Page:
Only One European Beef Consignment Halted
Only One Consignment Halted By European Beef Import Ban
ONLY one small consignment of food has been denied entry to New Zealand since the Customs Service two weeks ago started checking all food imports suspected of containing European beef or beef products after the Ministry of Health banned European beef imports.
"We believe that only tiny quantities of European beef are eaten here. The risk to New Zealanders was already low and we have reduced the risk further with precautionary measures such as the import suspension and seeking a voluntary withdrawal of products by retailers," Ministry of Health Chief Advisor Safety and Regulation Bob Boyd said.
On 5 January New Zealand and Australian authorities announced the suspension of imports of beef and beef products from Europe as a precaution against the risk of transmission to humans of bovine spongiform encephalopathy (BSE), or mad cow disease, from people eating contaminated beef. In humans the disease is called variant Creutzfeldt-Jacob Disease (vCJD), a rare fatal brain disorder.
A small shipment of French veal stock, which was on its way to New Zealand when the import suspension was announced, is now isolated awaiting either re-export to France or destruction.
At the same time as imports were suspended, health authorities also asked retailers to voluntarily remove from their shelves any food products that may contain European beef. Retailers have so far identified and withdrawn only a tiny handful of products, reinforcing the Ministry's belief that minimal amounts of European beef are eaten in New Zealand.
"Retailers, importers and the Customs Service have all worked together on this to ensure that New Zealanders can remain confident about the safety of their food," Dr Boyd said.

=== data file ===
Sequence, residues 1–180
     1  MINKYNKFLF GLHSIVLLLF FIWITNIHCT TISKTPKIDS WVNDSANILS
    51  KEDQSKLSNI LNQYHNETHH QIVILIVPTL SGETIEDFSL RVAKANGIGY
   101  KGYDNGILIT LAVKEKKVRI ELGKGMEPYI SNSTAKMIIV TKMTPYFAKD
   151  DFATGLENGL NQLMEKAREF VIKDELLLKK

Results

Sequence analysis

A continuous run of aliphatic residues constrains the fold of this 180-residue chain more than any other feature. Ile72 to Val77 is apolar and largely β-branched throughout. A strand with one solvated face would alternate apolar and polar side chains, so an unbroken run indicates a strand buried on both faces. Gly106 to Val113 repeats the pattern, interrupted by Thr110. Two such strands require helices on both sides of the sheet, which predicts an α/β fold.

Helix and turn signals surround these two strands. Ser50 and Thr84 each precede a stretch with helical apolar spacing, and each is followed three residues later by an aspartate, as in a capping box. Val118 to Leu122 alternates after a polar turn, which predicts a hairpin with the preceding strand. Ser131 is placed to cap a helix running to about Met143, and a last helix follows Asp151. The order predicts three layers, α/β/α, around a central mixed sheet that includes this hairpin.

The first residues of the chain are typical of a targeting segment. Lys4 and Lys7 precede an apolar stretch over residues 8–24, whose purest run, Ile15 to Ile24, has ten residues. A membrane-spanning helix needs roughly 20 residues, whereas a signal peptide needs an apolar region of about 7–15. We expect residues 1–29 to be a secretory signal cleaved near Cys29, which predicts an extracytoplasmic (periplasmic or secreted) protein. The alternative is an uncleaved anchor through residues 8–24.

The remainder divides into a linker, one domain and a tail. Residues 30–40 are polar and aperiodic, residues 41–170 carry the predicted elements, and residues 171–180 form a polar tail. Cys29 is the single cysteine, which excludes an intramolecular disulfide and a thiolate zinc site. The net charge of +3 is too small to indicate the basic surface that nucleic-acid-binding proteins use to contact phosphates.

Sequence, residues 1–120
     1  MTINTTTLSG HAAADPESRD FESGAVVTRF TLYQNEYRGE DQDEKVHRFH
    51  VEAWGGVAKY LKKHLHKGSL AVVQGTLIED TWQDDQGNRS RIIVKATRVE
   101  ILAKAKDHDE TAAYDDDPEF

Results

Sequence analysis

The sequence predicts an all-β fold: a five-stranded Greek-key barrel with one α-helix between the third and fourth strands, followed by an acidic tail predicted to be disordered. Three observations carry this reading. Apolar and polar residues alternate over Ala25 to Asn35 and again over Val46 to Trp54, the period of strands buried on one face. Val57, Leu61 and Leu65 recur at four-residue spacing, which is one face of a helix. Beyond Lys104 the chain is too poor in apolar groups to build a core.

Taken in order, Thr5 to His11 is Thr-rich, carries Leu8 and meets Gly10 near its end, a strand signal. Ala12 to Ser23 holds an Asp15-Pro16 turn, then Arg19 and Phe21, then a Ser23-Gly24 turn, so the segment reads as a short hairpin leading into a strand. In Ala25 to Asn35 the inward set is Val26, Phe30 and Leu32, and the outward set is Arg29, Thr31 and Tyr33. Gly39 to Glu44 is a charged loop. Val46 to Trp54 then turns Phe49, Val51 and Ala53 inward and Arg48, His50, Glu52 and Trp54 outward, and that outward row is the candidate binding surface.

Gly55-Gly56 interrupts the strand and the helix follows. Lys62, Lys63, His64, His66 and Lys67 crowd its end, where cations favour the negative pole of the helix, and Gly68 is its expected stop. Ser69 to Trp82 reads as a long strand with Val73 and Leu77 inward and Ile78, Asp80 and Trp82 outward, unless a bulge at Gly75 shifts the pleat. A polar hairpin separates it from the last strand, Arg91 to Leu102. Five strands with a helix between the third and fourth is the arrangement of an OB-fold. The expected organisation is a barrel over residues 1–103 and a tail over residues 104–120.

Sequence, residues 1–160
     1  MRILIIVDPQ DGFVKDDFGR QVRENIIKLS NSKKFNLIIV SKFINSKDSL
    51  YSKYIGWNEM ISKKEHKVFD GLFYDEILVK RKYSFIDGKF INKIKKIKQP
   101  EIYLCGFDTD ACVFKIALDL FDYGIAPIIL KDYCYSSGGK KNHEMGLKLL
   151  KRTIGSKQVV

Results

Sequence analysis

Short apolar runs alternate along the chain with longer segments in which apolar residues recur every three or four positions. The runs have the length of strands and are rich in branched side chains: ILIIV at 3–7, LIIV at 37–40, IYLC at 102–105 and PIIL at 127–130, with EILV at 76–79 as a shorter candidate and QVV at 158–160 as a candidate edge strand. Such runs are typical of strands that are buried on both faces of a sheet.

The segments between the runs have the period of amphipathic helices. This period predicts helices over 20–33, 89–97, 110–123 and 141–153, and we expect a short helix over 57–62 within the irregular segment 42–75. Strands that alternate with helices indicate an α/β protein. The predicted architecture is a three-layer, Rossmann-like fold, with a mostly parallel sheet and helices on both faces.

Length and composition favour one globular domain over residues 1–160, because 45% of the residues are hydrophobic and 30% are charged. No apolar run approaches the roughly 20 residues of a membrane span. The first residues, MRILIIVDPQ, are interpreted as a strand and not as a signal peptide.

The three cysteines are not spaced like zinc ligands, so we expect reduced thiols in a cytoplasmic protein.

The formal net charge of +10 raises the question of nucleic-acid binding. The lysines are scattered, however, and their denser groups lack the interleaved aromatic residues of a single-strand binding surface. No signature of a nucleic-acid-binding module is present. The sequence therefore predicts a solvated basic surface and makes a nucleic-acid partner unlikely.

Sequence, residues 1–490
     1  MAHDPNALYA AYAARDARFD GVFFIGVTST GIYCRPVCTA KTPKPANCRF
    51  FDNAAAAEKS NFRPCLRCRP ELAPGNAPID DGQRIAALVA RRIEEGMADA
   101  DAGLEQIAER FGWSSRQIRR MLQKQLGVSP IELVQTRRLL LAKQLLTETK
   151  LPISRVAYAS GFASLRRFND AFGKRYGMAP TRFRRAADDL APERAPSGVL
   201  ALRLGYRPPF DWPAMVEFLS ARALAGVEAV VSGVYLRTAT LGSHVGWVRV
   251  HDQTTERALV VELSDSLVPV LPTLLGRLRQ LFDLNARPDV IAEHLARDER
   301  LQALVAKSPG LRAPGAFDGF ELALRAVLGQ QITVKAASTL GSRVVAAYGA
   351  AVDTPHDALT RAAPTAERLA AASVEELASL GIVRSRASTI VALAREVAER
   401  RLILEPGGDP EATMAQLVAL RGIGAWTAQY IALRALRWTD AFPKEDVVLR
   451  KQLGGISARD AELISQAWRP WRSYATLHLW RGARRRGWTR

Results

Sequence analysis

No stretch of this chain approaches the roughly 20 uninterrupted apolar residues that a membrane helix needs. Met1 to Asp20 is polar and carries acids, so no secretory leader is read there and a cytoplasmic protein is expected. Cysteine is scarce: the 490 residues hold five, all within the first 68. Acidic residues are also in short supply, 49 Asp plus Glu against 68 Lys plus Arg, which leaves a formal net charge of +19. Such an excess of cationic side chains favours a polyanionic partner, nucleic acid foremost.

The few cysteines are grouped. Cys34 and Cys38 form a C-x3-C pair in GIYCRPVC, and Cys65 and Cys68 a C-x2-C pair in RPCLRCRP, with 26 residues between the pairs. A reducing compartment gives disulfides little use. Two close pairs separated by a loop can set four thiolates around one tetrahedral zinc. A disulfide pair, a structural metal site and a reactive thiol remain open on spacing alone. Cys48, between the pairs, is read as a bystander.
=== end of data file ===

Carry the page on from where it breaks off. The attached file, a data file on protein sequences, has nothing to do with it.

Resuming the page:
He said retailers who had any doubts about what types of foods may contain European beef could look at either the list prepared by the Ministry of Health and Customs and available on the Ministry of Health web site, or they could look at a similar list on the Australia New Zealand Food Authority website. However, neither list contained details of specific products and retailers would still need to read information on the package or contact the importer or distributor of the product to confirm any possible European beef content.
Dr Boyd said anyone who had doubts about their food should read packaging labels to find out about the source of the beef, or ask the retailers who sold them the food about where it came from. If they still had doubts, they should dispose of the food in the rubbish and not feed it to people or animals.
Detailed information is available on the Ministry of Health website www.moh.govt.nz and the Australia New Zealand Food Authority website www.anzfa.govt.nz